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Malaysian Journal of Medical Sciences
School of Medical Sciences, Universiti Sains Malaysia
ISSN: 1394-195X
Vol. 21, No. 1, 2014, pp. 37-43
Bioline Code: mj14006
Full paper language: English
Document type: Research Article
Document available free of charge

Malaysian Journal of Medical Sciences, Vol. 21, No. 1, 2014, pp. 37-43

 en Aetiologic Agents of Fevers of Unknown Origin among Patients in Benin City, Nigeria
Egbe, Christopher Aye & Enabulele, Onaiwu Idahosa


Background: Malaria parasitaemia is an important predictor of bacteremia, concomitant invasive bacterial infections and malaria parasitaemia are strongly associated with death.
Methods: Blood samples were collected from 500 patients (281 males and 219 females) with fevers of unknown origin. The blood samples were processed to diagnose malaria and bacterial septicaemia using standard microbiological techniques.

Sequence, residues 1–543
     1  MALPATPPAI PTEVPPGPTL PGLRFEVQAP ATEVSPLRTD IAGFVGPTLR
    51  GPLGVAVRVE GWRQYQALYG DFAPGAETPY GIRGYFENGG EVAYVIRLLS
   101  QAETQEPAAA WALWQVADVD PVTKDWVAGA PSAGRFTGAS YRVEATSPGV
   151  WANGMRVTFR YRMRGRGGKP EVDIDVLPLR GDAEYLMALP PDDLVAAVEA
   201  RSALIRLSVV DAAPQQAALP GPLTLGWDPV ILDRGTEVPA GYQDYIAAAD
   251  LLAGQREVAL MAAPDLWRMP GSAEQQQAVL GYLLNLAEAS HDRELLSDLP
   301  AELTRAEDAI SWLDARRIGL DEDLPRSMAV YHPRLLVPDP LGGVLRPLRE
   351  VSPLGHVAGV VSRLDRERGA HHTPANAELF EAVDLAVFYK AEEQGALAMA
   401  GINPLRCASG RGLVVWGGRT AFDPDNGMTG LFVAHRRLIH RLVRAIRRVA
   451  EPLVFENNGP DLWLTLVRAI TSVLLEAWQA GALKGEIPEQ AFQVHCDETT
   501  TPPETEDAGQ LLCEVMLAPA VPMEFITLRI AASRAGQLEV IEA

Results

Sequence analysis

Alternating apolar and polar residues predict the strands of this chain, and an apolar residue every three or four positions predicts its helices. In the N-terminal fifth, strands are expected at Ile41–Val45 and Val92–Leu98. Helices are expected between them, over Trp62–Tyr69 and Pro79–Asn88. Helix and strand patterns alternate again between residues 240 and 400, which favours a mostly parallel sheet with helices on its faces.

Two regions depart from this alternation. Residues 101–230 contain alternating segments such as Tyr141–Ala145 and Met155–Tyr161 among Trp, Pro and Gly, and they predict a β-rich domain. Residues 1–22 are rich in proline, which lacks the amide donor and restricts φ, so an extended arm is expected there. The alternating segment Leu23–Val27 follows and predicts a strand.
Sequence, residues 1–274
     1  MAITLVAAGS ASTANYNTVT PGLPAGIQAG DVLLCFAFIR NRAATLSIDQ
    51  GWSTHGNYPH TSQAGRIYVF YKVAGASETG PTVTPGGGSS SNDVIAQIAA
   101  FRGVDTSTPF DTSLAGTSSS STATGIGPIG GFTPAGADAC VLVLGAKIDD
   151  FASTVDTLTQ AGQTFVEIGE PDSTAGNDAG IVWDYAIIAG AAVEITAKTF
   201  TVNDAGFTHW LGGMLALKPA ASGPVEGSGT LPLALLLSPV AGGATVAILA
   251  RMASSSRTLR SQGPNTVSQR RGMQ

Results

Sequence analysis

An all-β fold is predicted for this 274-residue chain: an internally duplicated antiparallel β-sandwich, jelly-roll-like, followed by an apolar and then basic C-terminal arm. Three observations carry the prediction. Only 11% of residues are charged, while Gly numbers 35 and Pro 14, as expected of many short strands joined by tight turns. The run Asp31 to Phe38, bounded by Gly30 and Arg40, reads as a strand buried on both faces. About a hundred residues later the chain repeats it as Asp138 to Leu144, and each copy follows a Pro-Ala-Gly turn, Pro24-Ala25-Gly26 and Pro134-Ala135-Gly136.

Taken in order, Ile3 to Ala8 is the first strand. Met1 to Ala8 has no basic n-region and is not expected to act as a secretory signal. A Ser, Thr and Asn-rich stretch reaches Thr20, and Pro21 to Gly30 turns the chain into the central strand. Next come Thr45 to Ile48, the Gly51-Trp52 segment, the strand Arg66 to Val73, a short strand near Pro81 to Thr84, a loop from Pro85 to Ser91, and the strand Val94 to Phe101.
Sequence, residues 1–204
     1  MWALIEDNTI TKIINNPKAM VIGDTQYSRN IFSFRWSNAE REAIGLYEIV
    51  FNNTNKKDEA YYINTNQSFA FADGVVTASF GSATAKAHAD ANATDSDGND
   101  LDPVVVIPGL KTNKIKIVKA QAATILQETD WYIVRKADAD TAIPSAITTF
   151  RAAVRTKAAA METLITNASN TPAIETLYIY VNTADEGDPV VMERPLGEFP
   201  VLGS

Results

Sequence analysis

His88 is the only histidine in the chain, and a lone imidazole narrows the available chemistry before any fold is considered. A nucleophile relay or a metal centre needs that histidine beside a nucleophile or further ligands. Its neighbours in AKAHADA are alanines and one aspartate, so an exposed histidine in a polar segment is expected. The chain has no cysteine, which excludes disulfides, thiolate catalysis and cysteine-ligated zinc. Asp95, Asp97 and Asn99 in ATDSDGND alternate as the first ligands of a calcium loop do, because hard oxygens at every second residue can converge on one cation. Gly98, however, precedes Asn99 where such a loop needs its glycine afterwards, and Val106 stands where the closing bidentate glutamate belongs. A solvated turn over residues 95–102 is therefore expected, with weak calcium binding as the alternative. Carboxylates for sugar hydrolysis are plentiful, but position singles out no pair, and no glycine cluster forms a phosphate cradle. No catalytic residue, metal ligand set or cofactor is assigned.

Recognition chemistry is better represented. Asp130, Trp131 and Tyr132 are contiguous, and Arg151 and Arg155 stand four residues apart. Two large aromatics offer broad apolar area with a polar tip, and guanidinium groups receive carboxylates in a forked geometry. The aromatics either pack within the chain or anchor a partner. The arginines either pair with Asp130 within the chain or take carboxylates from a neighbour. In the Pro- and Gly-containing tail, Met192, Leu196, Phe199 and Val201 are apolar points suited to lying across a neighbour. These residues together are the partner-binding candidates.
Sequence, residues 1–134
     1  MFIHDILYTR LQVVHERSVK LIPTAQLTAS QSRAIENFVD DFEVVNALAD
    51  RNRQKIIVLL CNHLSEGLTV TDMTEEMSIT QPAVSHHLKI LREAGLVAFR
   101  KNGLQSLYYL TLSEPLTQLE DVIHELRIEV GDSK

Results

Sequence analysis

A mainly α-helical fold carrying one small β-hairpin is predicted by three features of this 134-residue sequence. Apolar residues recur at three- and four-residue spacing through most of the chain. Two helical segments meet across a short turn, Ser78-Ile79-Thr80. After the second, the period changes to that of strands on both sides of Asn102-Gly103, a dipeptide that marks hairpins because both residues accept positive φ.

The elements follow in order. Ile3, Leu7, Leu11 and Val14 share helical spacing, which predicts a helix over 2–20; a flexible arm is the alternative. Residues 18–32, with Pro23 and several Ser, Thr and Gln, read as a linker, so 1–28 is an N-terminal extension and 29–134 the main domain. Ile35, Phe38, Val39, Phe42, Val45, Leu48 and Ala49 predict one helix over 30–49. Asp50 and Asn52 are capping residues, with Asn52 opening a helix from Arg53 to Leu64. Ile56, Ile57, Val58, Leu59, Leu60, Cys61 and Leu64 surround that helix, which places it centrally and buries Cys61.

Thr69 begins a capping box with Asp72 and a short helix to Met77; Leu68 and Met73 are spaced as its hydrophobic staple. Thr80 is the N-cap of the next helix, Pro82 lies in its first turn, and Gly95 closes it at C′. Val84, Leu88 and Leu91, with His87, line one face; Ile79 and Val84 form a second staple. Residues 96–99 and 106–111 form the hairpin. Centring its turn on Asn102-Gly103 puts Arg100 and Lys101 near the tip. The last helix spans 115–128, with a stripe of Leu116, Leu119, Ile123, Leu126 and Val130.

Results: The prevalence of concomitant bacterial septicaemia and malaria parasitaemia was 7.8%. The prevalence of malaria parasitaemia alone (26.2%) was significantly (P < 0.0001) higher than that of bacterial septicaemia (13%). Patients 61 years old and older had higher prevalences of malaria parasitaemia, bacterial septicaemia, and concomitant infections. The most prevalent organism causing bacterial septicaemia were of the Klebsiella check for this species in other resources species, while ceftriaxone and ceftazidime were the most effective antibacterial agents.
Conclusion: Overall prevalence of malaria parasitaemia, septicaemia and concomitant malaria parasitaemia, and bacterial septicaemia were 26.2%, 13%, and 7.8%, respectively. Bacteria from the Klebsiella species were the most common bacteria causing septicaemia. Although ceftriaxone and ceftazidime are the recommended treatments, there is need for urgent treatment of concomitant infections due to their poor prognosis.

malaria; bacterial septicaemia; prevalence

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